I was really gagging to see three shows: TV on the Radio, My Morning Jacket and Neil Young. TV on the Radio opened the show with debut EP rarity ‘Young Liars’, and played a set ripe with new album cuts such as ‘Dancing Choose’ and ‘Golden Age’ and Desperate Youth, Bloodthirsty Babes classics ‘Satellite’ and ‘Staring at the Sun’ to get the crowd moving. Tunde Adepimbe is a born showman and a hell-of-a-dancer. The band was tight, and groovy when needed, creating walls of sound to give their songs the depth they possess on record. But TV on the Radio can also rock as well: Return to Cookie Mountain’s ‘Wolf Like Me’ was fierce, and worked the crowd into a frenzy. Such is the cruel irony of festivals though – it was over far, far too soon and we all left to pull out that classic festival line, “I would’ve loved to see that in a smaller venue with a longer set.”

My Morning Jacket weren’t bad, but an open-air festival and a one-hour slot didn’t really allow them time to do their live show justice. A band that has a reputation around their building atmospherics and keen sense of improvisation was kind of lost on the crowd; but it did make a good backdrop for dinner.

And then we were off to Neil Young. And all of a sudden I don’t have enough words for brilliant.

He tore into the grunty ‘Love and Only Love’ off (the slightly overlooked) Ragged Glory, and immediately I was struck by what an amazing guitarist he is. Unconventional, he tears at the guitar violently, as if it was an extension of himself. He plays with an almost furious joy, a slight wince on his face as he unleashed his wonderful noise on the audience. ‘Hey Hey, My My (Into the Black)’ came next, and the energy continued as the crowd sparked even further off such a truly great song. It was spellbinding to see him belt out such a banner song, nearly thirty years later with such intensity. “They give you this, but then you pay for that” was almost yelled at the crowd, and was a chilling moment.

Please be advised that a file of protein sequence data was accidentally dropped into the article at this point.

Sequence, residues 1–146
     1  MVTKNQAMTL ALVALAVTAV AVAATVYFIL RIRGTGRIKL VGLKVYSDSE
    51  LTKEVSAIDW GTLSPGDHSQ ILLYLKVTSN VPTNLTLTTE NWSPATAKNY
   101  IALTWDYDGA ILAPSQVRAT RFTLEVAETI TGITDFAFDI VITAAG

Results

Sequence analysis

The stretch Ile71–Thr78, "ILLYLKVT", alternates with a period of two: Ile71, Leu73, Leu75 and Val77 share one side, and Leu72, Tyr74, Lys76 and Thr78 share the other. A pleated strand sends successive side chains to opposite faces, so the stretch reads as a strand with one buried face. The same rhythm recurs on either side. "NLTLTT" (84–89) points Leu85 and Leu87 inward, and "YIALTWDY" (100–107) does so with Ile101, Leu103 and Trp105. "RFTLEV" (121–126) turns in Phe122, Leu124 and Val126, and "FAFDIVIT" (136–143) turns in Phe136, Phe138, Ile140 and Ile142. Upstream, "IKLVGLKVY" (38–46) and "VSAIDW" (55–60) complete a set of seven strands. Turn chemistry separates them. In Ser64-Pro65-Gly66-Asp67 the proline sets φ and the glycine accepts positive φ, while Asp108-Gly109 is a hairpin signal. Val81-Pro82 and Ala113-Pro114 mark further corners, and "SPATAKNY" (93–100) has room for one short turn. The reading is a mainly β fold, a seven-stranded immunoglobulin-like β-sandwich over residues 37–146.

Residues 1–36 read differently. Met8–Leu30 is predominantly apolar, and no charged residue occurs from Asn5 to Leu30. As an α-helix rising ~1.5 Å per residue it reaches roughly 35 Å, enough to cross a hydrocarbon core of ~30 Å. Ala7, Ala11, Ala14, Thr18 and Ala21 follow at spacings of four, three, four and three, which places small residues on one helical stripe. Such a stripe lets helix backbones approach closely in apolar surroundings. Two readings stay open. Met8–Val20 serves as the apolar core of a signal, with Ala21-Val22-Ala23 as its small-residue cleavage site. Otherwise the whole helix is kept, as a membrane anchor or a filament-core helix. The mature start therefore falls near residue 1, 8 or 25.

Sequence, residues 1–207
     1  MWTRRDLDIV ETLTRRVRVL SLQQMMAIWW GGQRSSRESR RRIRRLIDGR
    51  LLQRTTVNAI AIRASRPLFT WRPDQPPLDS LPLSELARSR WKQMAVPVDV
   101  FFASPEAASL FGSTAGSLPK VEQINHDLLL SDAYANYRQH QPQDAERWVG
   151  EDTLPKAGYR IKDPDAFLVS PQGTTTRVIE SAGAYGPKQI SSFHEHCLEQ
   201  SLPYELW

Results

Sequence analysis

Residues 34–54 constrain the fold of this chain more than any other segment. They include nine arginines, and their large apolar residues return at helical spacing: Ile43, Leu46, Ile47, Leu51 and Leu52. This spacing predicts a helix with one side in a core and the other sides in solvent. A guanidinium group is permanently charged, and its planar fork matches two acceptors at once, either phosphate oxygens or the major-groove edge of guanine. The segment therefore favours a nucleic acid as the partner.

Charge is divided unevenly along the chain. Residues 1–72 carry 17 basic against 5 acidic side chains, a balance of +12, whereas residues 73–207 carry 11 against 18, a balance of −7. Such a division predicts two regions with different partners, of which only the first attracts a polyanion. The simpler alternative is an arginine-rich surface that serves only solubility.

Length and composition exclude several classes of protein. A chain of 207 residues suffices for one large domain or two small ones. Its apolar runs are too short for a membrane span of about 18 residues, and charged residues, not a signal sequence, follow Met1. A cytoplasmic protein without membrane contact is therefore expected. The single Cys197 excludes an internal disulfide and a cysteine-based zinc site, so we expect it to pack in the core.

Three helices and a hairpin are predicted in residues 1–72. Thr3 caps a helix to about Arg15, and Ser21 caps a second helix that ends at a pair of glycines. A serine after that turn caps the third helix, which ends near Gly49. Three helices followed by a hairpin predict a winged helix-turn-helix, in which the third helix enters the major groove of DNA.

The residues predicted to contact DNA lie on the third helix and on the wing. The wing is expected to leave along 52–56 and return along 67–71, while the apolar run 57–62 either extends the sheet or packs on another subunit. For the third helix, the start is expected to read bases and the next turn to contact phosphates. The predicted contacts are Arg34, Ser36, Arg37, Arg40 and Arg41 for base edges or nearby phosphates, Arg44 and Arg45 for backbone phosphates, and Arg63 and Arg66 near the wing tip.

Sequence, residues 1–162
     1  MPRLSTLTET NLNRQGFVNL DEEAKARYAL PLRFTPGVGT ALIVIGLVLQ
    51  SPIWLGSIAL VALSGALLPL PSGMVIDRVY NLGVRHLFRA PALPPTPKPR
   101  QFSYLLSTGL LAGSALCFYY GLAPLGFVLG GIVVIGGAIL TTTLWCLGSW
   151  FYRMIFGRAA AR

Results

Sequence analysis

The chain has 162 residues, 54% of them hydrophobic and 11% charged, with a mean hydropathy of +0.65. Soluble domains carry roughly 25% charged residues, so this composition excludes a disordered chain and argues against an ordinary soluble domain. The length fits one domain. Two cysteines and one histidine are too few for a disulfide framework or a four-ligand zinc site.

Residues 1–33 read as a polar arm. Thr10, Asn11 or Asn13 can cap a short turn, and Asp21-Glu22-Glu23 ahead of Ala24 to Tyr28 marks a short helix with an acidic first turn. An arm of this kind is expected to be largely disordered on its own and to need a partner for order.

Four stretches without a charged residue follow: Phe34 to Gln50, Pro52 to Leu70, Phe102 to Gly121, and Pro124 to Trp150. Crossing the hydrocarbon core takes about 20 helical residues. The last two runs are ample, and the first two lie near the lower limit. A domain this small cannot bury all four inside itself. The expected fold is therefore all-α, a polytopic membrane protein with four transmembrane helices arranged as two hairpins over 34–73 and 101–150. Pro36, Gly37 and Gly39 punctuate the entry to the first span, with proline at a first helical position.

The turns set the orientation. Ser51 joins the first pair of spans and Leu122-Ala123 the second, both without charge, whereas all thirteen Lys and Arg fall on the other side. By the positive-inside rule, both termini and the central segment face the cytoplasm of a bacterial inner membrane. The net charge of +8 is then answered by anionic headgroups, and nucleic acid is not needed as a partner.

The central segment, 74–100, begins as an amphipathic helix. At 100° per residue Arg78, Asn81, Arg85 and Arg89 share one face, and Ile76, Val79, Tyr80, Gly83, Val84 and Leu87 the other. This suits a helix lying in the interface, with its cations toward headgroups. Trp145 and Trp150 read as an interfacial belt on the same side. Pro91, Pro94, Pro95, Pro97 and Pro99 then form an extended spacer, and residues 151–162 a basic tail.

And it was a wall of hits from there. Young is notorious for playing newer material and shying away from sets chocked full of crowd-pleasers. His occasional lack of nostalgia for his classic material has given him an interesting live reputation. So knowing this, what followed was even more of a treat. ‘Powderfinger’ and ‘Cortez the Killer’ were spellbinding; ‘Cinnamon Girl’, ‘Cowgirl in the Sand’ and ‘Everybody Knows This is Nowhere’ got the crowd singing along’ and ‘Rocking in the Free World’ took on a surprising mosh-pit.

Young could’ve then taken it down from those high rockin’ heights to a three song run from Harvest (‘Needle and the Damage Done’,’Old Man’, and ‘Heart of Gold’) as well as a cut from After the Goldrush (Don Gibson’s ‘Oh, Lonesome Me’) so seamlessly. Rather, it was the two sides of the Neil Young coin – the godfather of Grunge and the heartfelt singer-songwriter – side by side. Not only did it work, but it was beautiful. Even when it was slightly naff – a solo, pump organ version of ‘Mother Earth’ was slightly below the bar set by the rest of the concert – you still forgave him for it and sang along anyway.

As an encore, the band returned for a version of the Beatles’ ‘A Day in the Life’, thousands singing along in unison in what might just be one of the more beautiful Big Day Out conclusions. The song descended into another taut, frenzied jam and soon Neil Young was tearing his strings off and unleashing layer upon layer of glorious feedback. And then he was gone. This once and a lifetime show over. I was smiling and slightly wordless. It was quite possibly the best ever Big Day Out finish to one of the most middling Big Day Outs ever.

On Tuesday as I returned to work, Pitchfork informed me that Neil Young is soon to release a concept album about hybrid cars. I’m guessing future audiences may not be so lucky...